Isolated, Transient, Pneumocephalus-Induced Oculomotor Neuropathy after Microvascular Decompression of the Trigeminal Nerve

William J. Steele, Sean M. Barber, Andrew G. Lee, George A. West

Research output: Contribution to journalArticle

4 Scopus citations

Abstract

Background Pneumocephalus is a common radiographic finding after posterior fossa craniotomy. In contrast, cranial neuropathies related to pneumocephalus are extremely rare, with only a handful of previous reports. Case Description We present the rare case of a right partial oculomotor mononeuropathy occurring in a 26-year-old woman 4 hours after a microvascular decompression of her right trigeminal nerve. Postoperative imaging revealed pneumocephalus in the interpeduncular cisterns with an air bubble close to the cisternal segment of the right oculomotor nerve, trapped by a fetal right posterior cerebral artery. The patient was placed on 100% Fio2 (fraction of inspired oxygen) and encouraged to remain in the Trendelenburg position. She was discharged with only modest improvement in her pupil-involved partial oculomotor palsy, but she improved over the course of clinical follow-up and her deficit had completely resolved at 6 months. Conclusions Cranial neuropathy secondary to pneumocephalus is a rare and usually self-limiting condition. Although high-concentration oxygen therapy hastens resolution of pneumocephalus, recovery from pneumocephalus-related neuropathies may take weeks to months. To properly treat pneumocephalus-induced cranial neuropathies, further studies into the mechanism of injury are needed.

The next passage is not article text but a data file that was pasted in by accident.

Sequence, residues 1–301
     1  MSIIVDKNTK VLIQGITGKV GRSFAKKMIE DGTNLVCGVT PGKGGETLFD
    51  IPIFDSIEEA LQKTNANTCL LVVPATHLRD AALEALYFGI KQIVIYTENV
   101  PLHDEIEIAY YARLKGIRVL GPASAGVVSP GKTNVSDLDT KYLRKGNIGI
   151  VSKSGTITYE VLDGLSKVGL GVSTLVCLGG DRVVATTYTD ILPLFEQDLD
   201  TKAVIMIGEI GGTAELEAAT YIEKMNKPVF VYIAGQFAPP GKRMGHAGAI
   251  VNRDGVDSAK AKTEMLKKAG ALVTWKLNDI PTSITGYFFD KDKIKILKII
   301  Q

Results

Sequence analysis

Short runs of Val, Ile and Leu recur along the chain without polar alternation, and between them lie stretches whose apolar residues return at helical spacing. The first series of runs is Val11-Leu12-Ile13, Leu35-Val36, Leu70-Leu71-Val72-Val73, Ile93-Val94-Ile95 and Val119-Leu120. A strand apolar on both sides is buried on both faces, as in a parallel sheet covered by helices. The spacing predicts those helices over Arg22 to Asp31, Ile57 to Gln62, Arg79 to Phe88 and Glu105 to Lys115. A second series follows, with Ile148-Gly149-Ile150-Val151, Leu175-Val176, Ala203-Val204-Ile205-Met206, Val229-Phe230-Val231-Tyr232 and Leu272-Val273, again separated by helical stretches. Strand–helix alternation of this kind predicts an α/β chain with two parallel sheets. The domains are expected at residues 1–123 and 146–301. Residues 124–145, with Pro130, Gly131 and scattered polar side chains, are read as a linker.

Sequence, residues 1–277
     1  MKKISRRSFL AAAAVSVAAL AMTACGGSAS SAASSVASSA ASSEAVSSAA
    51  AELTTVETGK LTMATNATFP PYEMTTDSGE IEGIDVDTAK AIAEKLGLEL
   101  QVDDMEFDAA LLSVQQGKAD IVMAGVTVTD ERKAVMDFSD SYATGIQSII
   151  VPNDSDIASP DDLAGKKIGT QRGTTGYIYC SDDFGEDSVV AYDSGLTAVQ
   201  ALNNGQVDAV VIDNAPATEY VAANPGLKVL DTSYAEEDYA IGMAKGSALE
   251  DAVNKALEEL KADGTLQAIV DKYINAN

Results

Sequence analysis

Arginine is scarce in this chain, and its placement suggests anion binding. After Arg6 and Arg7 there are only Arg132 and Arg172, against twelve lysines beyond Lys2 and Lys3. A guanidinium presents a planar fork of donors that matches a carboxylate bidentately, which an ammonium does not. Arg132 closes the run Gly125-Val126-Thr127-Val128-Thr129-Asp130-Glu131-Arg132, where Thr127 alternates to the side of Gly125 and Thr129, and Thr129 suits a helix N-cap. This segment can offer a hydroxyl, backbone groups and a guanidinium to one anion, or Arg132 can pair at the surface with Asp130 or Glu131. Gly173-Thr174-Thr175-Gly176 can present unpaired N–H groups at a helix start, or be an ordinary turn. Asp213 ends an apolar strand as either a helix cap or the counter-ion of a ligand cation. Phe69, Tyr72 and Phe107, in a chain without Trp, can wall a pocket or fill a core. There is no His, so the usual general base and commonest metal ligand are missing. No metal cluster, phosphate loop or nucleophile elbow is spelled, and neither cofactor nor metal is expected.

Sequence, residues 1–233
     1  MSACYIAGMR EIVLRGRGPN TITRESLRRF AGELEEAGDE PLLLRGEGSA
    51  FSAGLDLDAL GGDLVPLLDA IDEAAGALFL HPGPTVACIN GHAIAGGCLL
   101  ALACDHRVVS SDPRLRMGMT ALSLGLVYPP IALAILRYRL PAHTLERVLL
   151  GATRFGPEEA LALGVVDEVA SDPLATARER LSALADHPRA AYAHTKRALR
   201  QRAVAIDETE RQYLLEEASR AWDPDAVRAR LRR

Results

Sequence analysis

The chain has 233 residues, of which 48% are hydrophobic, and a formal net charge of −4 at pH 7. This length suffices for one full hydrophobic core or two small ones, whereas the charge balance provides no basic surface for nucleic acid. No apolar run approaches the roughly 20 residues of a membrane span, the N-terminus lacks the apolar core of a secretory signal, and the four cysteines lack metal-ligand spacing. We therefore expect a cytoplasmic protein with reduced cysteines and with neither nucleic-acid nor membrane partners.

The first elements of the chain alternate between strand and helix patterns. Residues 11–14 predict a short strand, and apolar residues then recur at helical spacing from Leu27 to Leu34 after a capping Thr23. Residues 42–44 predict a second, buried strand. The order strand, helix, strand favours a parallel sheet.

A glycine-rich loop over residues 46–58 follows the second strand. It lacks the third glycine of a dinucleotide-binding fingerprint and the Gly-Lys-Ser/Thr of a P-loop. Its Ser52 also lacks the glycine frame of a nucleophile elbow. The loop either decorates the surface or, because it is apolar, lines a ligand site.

Original languageEnglish (US)
Pages (from-to)690.e17-690.e22
JournalWorld neurosurgery
Volume88
DOIs
StatePublished - Apr 2016

Keywords

  • Craniotomy
  • Microvascular decompression
  • Neuropathy
  • Neurosurgery
  • Oculomotor
  • Pneumocephalus
  • Trigeminal neuralgia

ASJC Scopus subject areas

  • Surgery
  • Clinical Neurology

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